Center for Health and Social Issues looks to improve quality of life in Oconee Heights neighborhood

Center for Health and Social Issues looks to improve quality of life in Oconee Heights neighborhood

M ore than just an eye-sore, neighborhood blight brings with it a slew of social and economic issues. 

Rundown and dilapidated homes and buildings lead to increased crime, lower property values and are an indicator of overall poverty levels in an area. 

Georgia College’s Center for Health and Social Issues (CHSI) is working to address blight in one Milledgeville neighborhood with the goal of increasing the well-being of the people living there. 

Dr. Damian Francis, director of CHSI, and his team spent hours surveying residents of the Oconee Heights neighborhood to find out the most important challenges they see in their community. 

“The idea came about that we should begin by assessing the community needs, and so it started out of a conversation between the CHSI and the county commissioners working to find out what needs communities have,” said Francis. “We used grant funding to meet and survey people living in the area.”

Community meeting in Oconee Heights.
Community meeting in Oconee Heights.

The needs assessment identified blight as a top concern. Now Francis and his team of students and faculty members are working to conduct a blight assessment that will document the burden and severity of the problem. 

“What we hope to achieve with the blight assessment is the necessary evidence to support blight remediation efforts such as a charter,” Francis said. “Providing an overall framework that the county could use to handle blighted properties.”

In most people’s minds, the only solution to blight is demolition, but a blight remediation charter aims to identify other options.  

“Blight doesn't necessarily equal demolition. Sometimes blight means an opportunity for restoration or better enforcement of tax and property codes,” said Francis. “We're hoping to promote a charter that emphasizes enforcement of codes, tax sales of property that has been abandoned and restoration where that might be possible.”

Blight doesn't necessarily equal demolition. Sometimes blight means an opportunity for restoration or better enforcement of tax and property codes.
– Dr. Damian Francis
Through their work, they’ve also helped establish community collaboratives meant to foster community involvement and improve the quality of life in the residents. These collaboratives include residents, local government, non-profits and Georgia College. 

“We have different stakeholders coming into meetings where we sit down and talk about the issues, as well as potential solutions,” said Francis. “The goal is to empower residents to jointly come up with the solutions for their own community. Then stakeholders along with the university pursue funding for these ideas through grants.”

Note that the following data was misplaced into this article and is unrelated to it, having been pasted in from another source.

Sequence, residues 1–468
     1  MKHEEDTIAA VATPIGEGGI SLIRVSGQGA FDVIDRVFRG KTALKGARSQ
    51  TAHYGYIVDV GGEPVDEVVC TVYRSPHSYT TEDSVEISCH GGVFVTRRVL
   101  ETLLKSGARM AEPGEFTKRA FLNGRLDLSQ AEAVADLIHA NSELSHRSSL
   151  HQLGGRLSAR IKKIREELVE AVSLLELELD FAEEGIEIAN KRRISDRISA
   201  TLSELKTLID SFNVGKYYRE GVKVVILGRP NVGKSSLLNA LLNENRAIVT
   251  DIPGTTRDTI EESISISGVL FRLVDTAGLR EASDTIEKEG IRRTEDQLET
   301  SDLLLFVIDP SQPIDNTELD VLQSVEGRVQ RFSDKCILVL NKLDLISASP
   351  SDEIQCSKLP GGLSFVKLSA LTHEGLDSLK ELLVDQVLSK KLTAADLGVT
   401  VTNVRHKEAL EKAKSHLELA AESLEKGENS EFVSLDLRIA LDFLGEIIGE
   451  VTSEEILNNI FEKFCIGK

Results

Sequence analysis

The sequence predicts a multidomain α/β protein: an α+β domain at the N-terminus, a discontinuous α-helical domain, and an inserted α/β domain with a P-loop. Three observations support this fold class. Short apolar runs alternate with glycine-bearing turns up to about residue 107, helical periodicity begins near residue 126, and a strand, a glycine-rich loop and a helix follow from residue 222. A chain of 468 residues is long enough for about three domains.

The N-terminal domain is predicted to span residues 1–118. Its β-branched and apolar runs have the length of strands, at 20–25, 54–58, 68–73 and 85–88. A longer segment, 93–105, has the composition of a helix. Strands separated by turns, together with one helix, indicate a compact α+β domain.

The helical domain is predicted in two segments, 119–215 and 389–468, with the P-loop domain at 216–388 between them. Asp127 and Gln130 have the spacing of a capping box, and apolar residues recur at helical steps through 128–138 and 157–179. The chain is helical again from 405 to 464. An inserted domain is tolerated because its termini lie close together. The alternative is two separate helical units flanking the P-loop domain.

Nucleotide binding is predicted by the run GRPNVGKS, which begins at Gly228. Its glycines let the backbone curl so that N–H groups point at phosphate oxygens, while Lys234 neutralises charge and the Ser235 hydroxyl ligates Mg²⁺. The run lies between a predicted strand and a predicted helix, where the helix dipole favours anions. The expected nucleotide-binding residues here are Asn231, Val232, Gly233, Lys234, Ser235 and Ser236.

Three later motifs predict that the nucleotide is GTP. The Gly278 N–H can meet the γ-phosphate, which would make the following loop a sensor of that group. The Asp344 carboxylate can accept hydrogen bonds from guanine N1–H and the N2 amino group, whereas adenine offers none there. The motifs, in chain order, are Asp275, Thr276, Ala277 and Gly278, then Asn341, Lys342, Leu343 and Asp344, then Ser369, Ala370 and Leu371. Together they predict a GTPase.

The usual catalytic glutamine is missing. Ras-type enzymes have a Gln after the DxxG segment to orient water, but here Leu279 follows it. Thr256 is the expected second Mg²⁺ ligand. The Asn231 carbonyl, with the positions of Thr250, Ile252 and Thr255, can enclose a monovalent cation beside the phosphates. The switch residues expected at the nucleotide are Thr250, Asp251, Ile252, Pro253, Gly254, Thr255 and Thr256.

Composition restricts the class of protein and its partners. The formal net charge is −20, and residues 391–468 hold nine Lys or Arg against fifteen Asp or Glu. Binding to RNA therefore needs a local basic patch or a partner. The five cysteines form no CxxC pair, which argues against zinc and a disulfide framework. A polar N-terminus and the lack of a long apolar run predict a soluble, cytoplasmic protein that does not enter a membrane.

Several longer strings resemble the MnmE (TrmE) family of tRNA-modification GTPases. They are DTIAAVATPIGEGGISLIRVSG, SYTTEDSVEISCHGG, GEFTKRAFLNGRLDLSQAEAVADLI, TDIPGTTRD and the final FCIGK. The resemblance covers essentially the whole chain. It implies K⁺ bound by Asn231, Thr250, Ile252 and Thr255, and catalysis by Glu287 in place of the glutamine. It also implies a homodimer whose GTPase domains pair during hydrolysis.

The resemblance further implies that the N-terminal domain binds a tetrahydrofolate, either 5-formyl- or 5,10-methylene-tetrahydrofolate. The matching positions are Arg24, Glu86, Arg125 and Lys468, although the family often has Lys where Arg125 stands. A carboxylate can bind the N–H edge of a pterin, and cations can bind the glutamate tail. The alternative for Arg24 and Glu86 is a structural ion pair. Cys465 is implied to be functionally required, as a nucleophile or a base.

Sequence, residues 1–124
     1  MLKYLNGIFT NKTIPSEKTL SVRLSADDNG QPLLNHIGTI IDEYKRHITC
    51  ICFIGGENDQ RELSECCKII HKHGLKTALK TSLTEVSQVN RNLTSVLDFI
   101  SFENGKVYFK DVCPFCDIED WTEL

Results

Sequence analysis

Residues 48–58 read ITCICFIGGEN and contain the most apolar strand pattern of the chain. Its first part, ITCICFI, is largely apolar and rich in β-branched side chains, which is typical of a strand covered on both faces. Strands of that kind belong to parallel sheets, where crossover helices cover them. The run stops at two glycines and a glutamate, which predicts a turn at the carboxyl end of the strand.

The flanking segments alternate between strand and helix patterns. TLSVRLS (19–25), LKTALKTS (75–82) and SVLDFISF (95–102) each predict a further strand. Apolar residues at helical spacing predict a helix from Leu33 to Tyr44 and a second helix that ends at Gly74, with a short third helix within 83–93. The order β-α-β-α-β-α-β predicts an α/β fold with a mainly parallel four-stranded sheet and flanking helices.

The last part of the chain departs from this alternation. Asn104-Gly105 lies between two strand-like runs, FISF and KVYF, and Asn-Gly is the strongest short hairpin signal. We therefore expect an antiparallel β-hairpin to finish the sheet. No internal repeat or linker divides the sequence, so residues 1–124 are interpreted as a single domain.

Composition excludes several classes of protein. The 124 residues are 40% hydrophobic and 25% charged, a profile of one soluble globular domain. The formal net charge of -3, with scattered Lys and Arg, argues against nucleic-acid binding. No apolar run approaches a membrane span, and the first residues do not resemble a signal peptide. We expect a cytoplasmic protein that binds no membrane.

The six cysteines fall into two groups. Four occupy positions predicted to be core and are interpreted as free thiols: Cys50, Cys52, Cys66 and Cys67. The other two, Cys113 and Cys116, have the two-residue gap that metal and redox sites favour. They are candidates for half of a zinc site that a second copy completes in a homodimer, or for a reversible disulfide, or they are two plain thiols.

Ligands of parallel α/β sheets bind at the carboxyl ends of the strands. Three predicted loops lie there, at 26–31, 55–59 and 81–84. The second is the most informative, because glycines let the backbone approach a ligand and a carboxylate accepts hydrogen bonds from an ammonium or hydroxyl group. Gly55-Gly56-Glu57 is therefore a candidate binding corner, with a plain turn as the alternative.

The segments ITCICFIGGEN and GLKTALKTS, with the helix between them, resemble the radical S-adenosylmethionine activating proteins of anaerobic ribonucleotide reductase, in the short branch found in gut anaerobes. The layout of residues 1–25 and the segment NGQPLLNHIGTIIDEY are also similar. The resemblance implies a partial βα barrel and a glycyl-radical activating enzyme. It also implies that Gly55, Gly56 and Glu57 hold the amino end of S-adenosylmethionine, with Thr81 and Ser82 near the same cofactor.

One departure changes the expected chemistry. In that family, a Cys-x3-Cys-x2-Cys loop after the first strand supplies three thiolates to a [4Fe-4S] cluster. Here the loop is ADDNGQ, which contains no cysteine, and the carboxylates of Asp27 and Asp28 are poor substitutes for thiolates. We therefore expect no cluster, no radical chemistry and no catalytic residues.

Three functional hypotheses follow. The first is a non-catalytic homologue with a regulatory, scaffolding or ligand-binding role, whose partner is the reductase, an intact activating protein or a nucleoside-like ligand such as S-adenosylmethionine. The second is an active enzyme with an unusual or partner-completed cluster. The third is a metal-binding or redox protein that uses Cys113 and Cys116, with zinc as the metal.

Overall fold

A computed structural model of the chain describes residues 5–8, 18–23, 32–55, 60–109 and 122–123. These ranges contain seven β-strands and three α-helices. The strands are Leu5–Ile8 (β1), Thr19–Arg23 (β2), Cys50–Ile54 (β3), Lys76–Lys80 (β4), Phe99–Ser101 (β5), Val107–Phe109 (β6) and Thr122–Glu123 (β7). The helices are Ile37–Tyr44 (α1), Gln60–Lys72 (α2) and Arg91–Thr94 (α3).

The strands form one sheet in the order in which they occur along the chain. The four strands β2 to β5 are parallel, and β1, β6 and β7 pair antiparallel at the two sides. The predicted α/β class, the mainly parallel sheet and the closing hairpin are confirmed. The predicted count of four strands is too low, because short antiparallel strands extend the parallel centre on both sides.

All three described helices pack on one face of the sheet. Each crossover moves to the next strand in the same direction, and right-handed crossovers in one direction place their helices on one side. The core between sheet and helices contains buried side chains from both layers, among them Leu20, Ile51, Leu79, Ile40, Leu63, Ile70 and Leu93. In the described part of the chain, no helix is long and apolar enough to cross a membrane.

“Over time, it brings social cohesion within the community and the solutions come about,” he said.

Senior public health major Kaitlyn Gauthier currently interns with CHSI. She’s helping to conduct the blight assessment and assisting in writing a faculty grant proposal to help fund asset mapping in the area. 

Kaitlyn Gauthier
Kaitlyn Gauthier

The faculty research grant was just approved and is a partnership between CHSI and Dr. Doug Oetter, geography professor at Georgia College. Together they will map blight and the assets or agencies in the community that could serve as a resource.

“Once our work is finished, I hope to see these communities come together and recognize the serious health risks blight poses and work together to help eliminate the blight in their communities,” said Gauthier. 

This is just one of the many projects CHSI currently has in the works. They have on-going efforts in the Harrisburg neighborhood including a food bank and health screenings. They’re also working in the Coopers community with county leaders to set up WIFI internet at the fire station for public access and renovating a walking trail. Francis and his graduate assistant Catherine Woodall have led those efforts.

Their work always harkens back to CHSI’s mission— to improve the health of the residents of Central Georgia through collaborative campus/community partnerships and to provide research and education concerning contemporary health problems and social issues.

It all involves getting out in the community, listening to residents and getting creative with solutions. Whether it’s educating on healthy living or addressing the problems associated with blight, those leading the effort hope their work leaves a lasting legacy on a community that needs it. 
“I could list a million things that I have learned through the process so far, but something that stands out the most is how important community engagement and empowerment is,” said Gauthier. “The communities we seek to help are so thankful to have people who care to make changes in their community that they might not be able to accomplish on their own.”

“It has been so rewarding to have community members come up to me and thank me for the work that I contribute to help make their community a better place,” she said.

Damian Francis speaks with a community member.
Damian Francis speaks with a community member.